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Challenges of Stereotypes in the Workplace

Paper Type: Free Essay Subject: Employment
Wordcount: 2381 words Published: 8th Feb 2020

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As a human we are not outlined to deal with mobocracy, that’s the reason we like our kind to follow certain guidelines, laws, and orders because our brain is computed and compiled to forge meanings when encountered with chaos. The repercussion of this behavior is that we can no longer see, understand or identify an object from the given set anymore, for us we have to have a whole organized set of objects to proselytize into something meaningful but not necessarily something based on reality. It can just be a context, built on a prospect based on either past experiences or assumptions. This important interceding cognitive process is called “Stereotyping”. To put it in simple words, “It’s a human propensity to treat another person in a certain way due to preconceived biased perceptions”. [1]

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Unlike Stereotyping, there are many debates over the definite interpretation of “Stereotypes”. The credit to first coining the term goes to Lippmann (in 1922) for using the term ‘stereotype’ in his book “Public Opinion”, but Brown (in 1997) illustrated and substantiated this term the most by setting its definition: “to stereotype a person, one needs to asses and attribute some common characteristics that are commonly shared by all or almost all of his or her fellow group members”. In regular workplace framework, this term broadly used to a set of assumptions about the characteristics, attributes, and behaviors of individuals of a specific group. For example, Brokerage Assistant should be a female as you can deduct from John’s post or as Cody mentioned that Auditors are organized, good conversationalist & excellent at multitasking. So meeting a person from these groups, an individual’s expectation is to see a female as an assistant in a brokerage firm or a top-notch work or conversation from auditors. For many, this is a normal human perceptive stereotyping process because just as we like to classify foods and drinks, we also like to classify or categorize people. Though people can be classified and categorized along countless dimensions, however, major differentiations are commonly made at workplaces, based on highly visible characteristics such as gender, ethnicity, sexual preference, and age. [2][3][4][5][6]

Currently, stereotypes in the workplace are distinctly different from stereotypes in a day to day life, especially due to the current limited globalized workforce which includes finite people from different nationalities, ages, ethnicity, and sexual orientation. A stereotype isn’t necessarily a vexation till it’s a part of perceptions but it surely becomes one when negative actions are taken with respect to those perceptions. An example of it is what Author Livingstone mentioned in the article named as “Pygmalion in Management”, that if a teacher has a perception about a child being slow or vice versa based on some stereotypes than the child will surely be one, not by default but because of teacher’s followed negative actions supporting or justifying his/her perceptions. The same concept is true between a manager and his team members too. In support of Livingstone’s examples, Dr. Kanter conveyed a similar message through her video, “A Tale of O” that stereotypes are indeed the byproducts of a continuous stereotyping process that can crop up in any work environment of any organization. As a conclusion of both, it can be assumed that it is stereotyping & conventionalizing that motivates one set of people in a given workplace to treat the individuals from other sets in an anticipated way, derived upon pre-opinionated beliefs based on bigoted notions related to that individual or group. [6][7][8][9][20]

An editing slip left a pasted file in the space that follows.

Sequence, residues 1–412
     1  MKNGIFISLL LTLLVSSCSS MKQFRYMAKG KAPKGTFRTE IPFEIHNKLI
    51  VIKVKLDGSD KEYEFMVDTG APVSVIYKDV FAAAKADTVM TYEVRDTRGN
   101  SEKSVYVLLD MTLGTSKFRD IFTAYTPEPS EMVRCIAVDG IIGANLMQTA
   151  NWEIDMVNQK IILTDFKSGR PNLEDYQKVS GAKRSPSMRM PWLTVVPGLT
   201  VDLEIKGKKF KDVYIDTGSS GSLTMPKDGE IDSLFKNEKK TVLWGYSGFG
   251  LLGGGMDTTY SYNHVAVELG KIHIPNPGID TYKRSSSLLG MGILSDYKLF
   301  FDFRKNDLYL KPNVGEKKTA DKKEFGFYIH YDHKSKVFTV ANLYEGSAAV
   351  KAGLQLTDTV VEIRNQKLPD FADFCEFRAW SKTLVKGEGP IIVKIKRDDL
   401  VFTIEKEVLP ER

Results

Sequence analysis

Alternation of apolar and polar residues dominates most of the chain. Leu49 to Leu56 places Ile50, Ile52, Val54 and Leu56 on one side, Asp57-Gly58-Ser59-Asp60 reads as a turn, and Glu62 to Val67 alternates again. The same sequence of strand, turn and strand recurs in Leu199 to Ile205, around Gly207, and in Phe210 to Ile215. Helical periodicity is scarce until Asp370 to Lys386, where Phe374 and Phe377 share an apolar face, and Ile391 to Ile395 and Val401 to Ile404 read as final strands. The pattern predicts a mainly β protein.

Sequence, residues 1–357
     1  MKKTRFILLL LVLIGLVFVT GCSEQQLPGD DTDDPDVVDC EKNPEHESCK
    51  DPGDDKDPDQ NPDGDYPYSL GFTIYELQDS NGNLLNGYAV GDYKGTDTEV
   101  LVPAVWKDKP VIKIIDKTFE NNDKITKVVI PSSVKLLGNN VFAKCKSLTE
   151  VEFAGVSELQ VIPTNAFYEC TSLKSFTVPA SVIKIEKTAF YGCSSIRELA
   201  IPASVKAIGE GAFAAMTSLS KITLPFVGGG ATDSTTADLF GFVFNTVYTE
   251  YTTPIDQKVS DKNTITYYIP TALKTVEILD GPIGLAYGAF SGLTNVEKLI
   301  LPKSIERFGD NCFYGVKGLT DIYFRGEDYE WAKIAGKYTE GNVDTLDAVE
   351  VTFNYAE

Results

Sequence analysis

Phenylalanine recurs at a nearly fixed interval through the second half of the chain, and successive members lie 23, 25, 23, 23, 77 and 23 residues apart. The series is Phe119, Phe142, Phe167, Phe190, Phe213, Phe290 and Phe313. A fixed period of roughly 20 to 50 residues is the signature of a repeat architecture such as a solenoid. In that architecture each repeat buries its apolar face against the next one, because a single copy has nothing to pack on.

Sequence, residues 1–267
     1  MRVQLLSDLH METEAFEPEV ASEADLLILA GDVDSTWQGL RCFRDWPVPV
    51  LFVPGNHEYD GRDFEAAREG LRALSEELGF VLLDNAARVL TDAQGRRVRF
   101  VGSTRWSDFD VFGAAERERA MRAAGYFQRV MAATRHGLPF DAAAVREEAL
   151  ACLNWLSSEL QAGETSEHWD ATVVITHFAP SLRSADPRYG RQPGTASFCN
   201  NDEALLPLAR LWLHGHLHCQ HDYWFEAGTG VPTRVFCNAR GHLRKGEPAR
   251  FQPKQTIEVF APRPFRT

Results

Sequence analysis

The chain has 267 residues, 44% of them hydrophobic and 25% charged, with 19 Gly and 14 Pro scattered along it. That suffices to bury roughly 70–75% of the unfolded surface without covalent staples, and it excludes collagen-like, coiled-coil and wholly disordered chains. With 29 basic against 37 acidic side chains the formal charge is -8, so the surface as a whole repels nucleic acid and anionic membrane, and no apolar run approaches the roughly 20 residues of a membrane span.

Undeniably, stereotypes are assumptions made for a group of people and enforced on individuals due to their affiliation to that group without any regards to their personal traits but this does not construe that they are always unfavorable. Stereotypes can be favorable or unfavorable in a much broader sense, but if we look at stereotypes through the narrow frame of a workplace setting, is stereotyping productive? can it create a hostile work environment? The answer of these questions may differ due to unaccountable variables but is the process of stereotyping, calamitous? The answer will always be “Yes”. [9][10][20]

Analysis with Reasoning:

After analyzing most of the posts of fellow students and given works of literature, Stereotyping jumps out in front of me as a process in which people(X’s) holds an oversimplified, usually pejorative attitude towards those (O’s) whom they either want to ostracized or incorporate from/into the comrade camaraderie. It can either looked favorable (his perspective but not in reality) for O’s like David or straightforward unfavorable for O’s like Jarred & Kendrick, though all the cases are based on common stereotype “qualifications”. In David’s case, his team mates welcomed him because he was a good hockey player but they still racial stereotyped him insignificantly to his different nationality by passing jokes and putting him on the spot for being Canadian. Whereas, Jarred was unequivocally stereotyped as incompetent worker at CVS pharmacy and Kendrick was stereotyped as boisterous. Stereotyping is not something to be taken lightly. The process of biased individual categorization and generated stereotypes can be powerful and tenacious enough to impede leaders’ capabilities to process information and to make informed business decisions about individuals, groups, and business problems. For example, Rebecca was feeling ignored and scared at her accounting firm due stereotypes associated to her age and if leadership of a major firm doesn’t listen to the advice of a young female members because they don’t think young women belong in the workplace, this can put the whole organization at risk and creates blind spots. Stereotypes, which are overgeneralizations, can become the basis of defective reasoning and, ultimately, result in prejudice and cause harm to an organization’s effectiveness and culture. [1][9] [10] [11][12][13][14][15]